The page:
The proposal to have pre-schools or kindergarten schools to admit children at the age of 4+ as primary school or a separate entities run by the government might bring in more problems than ever expected. Then they might need additional buildings, staff and other facilities. As things are going in this country the government might jump at the idea of a separate Ministry, Minister, a department and staff. This means additional expenditure. I doubt whether the government that has failed to do repairs to a 100 year school like Sirimalwatta in Mahanuwara District that collapse on the heads of its children recently will be in a position to find thousands of new buildings and billions of rupees for this new proposal. Instead why not have a Kindergarten class (hodiya) as they did in the olden days and provide them with trained teachers perhaps with very little extensions to existing buildings.
The other argument that it “ is ‘a move to minimize unruly behaviour among adult students’ and to have children over 18 years in Grade 13, in schools is not good for maintaining discipline in schools” looks to have any substance. Because maintaining discipline in schools, is a matter for the Principals. If suitable persons are appointed to schools as Principles, among other requisites such as clear guidelines, and are allowed to run them without political interference as they do it now this problem could be easily solved. Student discipline is more complicated subject and it has to be addressed within a broader framework, I think. Has anyone of you ever heard of a school children going on strike in the olden days.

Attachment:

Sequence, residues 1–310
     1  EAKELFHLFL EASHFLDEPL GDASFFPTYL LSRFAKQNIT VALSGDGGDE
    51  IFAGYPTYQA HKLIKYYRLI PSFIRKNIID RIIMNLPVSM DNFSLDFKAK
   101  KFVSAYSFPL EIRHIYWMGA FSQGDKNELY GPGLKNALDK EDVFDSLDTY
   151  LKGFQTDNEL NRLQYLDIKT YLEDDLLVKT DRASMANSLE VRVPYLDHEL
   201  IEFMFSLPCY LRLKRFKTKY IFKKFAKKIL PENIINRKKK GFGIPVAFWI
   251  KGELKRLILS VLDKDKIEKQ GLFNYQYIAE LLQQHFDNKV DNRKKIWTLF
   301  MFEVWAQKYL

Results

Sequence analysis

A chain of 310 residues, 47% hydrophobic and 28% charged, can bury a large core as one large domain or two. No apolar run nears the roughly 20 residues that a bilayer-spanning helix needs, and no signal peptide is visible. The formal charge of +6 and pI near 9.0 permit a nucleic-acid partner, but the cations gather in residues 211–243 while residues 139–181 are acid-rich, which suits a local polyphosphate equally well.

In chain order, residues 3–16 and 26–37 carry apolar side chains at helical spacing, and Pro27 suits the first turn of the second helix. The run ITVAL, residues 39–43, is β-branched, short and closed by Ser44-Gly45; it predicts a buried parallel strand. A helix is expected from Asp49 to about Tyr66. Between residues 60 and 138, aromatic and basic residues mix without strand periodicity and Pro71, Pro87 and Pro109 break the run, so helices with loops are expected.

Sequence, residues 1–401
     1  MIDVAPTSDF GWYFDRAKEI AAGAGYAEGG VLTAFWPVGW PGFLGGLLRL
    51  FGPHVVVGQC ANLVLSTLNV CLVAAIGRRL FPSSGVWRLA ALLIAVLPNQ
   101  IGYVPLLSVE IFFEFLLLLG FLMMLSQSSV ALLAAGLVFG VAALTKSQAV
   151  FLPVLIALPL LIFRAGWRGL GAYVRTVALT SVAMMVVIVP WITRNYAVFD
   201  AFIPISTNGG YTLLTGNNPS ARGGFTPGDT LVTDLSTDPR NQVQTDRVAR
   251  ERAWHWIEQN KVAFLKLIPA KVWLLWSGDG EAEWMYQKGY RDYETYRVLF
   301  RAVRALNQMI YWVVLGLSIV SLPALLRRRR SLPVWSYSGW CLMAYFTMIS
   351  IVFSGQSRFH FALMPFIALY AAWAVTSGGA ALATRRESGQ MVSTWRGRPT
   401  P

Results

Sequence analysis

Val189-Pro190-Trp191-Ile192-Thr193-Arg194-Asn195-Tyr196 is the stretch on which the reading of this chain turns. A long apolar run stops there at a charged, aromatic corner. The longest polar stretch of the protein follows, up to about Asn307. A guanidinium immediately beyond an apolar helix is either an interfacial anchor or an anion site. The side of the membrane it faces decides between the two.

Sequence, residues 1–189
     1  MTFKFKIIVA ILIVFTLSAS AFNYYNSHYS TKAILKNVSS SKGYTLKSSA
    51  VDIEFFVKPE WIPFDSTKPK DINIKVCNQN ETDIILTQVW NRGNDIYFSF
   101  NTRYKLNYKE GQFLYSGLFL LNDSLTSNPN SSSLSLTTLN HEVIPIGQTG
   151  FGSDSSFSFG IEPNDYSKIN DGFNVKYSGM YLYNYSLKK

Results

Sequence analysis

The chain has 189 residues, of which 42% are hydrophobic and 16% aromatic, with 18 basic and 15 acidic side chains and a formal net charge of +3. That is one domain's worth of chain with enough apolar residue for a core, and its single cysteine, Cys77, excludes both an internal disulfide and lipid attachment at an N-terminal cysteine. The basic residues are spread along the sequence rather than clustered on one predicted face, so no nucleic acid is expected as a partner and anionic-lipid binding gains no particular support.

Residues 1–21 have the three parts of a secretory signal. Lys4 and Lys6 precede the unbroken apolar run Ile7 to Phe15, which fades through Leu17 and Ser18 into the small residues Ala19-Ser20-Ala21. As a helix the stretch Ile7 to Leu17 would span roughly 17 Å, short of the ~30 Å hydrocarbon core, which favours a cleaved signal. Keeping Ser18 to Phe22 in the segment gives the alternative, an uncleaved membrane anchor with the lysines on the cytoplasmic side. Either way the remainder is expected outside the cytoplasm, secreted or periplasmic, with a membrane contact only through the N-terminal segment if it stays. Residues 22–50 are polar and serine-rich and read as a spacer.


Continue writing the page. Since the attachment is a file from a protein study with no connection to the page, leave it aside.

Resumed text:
Again in my experience as one time teacher, a Principle of a school, Secretary Education and also as a University teacher, I am convinced that if you treat children as children and make them aware of their responsibilities and duties, they want revolt and behave like animals. Teachers at all level have to treat their students like their own children. I hope my good friend Prof Luxman J can remember how he and I resolved the Moratuwa HNDE strike within fifteen minutes that was hanging on for years when I was Secretary Ministry of Technical Education and he the Chairman National Education Commission in 1994.
Of cause here again politics should be kept completely out of schools and Universities. The practice of appointing political Principles( very often unqualified for either teaching or school administration as it is done now should be immediately stopped. Political parties and University teachers must refrain from trying to use students as cat’s paws to meet their political ends. Discipline has to be installed among them through better understanding and methods without first using force, often without, listening to them and, trying to settle them with intolerance of their grievances, tear gaze, water cannons and police battens. Actually instead of solving one problem you multiply the problems on both sides by resorting to this kind of uncivilized tomfoolery. Where lies the intelligence and wisdom of our educational authorities and politicians who are in charge of the future destiny of our children?